Amazon River Dolphin
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The Amazon river dolphin, also known as the pink river dolphin or boto, lives only in freshwater. It is found throughout the Amazon and Orinoco river basins in Bolivia, Brazil, Colombia, Ecuador, Guyana, Peru and Venezuela. It can be found in lowland fast-flowing, whitewater rivers, clearwater or blackwater rivers as well as lakes and seasonally-flooded forests.
While they are mostly pink, Amazon river dolphins have various colored skins, which can be light gray, pink, or brown. Generally solitary creatures, they can be seen in pairs during mating season. If the area has a particularly large number of prey, however, groups of 10 to 15 can be found together. They communicate in a variety of ways, all nonverbal. These forms of communication include the way the dolphins posture their bodies, clapping their jaws, blowing bubbles and caressing their fins with clicks and whistles.
In the wild, Amazon river dolphins live an average of 30 years. In human care, unfortunately, these dolphins do not live long, due to their difficulty adapting to captivity.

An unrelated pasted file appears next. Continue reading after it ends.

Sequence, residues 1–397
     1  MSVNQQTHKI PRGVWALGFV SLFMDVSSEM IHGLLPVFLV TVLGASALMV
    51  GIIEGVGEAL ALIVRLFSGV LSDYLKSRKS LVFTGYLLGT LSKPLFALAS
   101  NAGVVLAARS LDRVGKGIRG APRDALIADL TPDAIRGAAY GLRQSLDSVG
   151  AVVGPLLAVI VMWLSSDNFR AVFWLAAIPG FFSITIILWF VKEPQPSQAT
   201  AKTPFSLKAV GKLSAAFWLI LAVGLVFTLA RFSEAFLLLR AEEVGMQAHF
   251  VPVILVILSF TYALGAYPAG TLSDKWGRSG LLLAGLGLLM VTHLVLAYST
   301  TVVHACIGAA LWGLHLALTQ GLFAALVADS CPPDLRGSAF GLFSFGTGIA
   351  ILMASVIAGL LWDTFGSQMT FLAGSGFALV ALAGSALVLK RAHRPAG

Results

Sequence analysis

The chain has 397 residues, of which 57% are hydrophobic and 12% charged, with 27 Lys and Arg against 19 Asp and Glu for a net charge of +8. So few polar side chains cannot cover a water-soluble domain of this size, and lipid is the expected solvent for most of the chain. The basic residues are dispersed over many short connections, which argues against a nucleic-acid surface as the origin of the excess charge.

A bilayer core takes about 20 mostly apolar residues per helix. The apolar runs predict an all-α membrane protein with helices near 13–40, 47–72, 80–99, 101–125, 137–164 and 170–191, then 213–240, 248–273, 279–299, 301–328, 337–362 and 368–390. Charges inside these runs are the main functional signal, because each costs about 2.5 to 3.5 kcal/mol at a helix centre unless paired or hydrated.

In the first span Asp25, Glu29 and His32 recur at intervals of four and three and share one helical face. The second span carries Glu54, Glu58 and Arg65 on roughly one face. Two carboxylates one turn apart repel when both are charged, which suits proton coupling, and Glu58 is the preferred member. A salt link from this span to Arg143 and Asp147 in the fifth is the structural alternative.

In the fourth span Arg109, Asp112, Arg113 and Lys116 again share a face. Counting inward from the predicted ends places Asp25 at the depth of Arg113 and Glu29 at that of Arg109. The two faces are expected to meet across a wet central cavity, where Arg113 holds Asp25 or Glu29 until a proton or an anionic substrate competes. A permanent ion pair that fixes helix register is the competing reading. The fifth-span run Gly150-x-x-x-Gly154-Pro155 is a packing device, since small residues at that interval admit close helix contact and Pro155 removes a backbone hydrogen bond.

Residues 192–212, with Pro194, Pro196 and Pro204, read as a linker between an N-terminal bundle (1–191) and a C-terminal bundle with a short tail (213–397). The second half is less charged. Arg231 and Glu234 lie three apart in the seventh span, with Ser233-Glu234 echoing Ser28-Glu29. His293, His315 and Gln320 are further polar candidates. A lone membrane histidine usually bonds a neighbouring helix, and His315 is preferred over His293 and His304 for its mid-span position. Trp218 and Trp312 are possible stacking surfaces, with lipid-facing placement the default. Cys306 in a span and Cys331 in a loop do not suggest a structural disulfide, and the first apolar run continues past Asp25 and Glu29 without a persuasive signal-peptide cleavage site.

Pink dolphins eat crabs, catfish, small river fish and even small turtles. Because their cervical vertebrae are not fused, they can move their head up to 180 degrees, which is helpful for hunting in shallow waters and floodplains. They also rely on an internal sonar system to maneuver under water and find food due to their poor vision.
The Amazon river dolphin population is in the tens of thousands, but may be in rapid decline. Experts believe almost 3,000 dolphins are killed each year. Their IUCN status as of 2008 was Vulnerable, but reassessed as Data Deficient in 2012 due to limited information regarding their population trends.
Amazon pink dolphins are considered the most intelligent dolphins with a brain capacity that is 40% larger than a human’s. It is also the largest river dolphin species in the world.
Why are They Endangered
The Amazon river dolphin faces many human threats that jeopardize its survival. Loss of habitat due to the creation of dams, accidental drowning in fishing gear and intentional death at the hands of fishermen are all potentially devastating to the already declining population. Fatal levels of mercury have also contributed to their decreasing numbers. Increasing boat traffic in the Amazon River also poses a problem, as the dolphins will approach out of curiosity and be injured, sometimes fatally, by propellers.
Vulnerable in some areas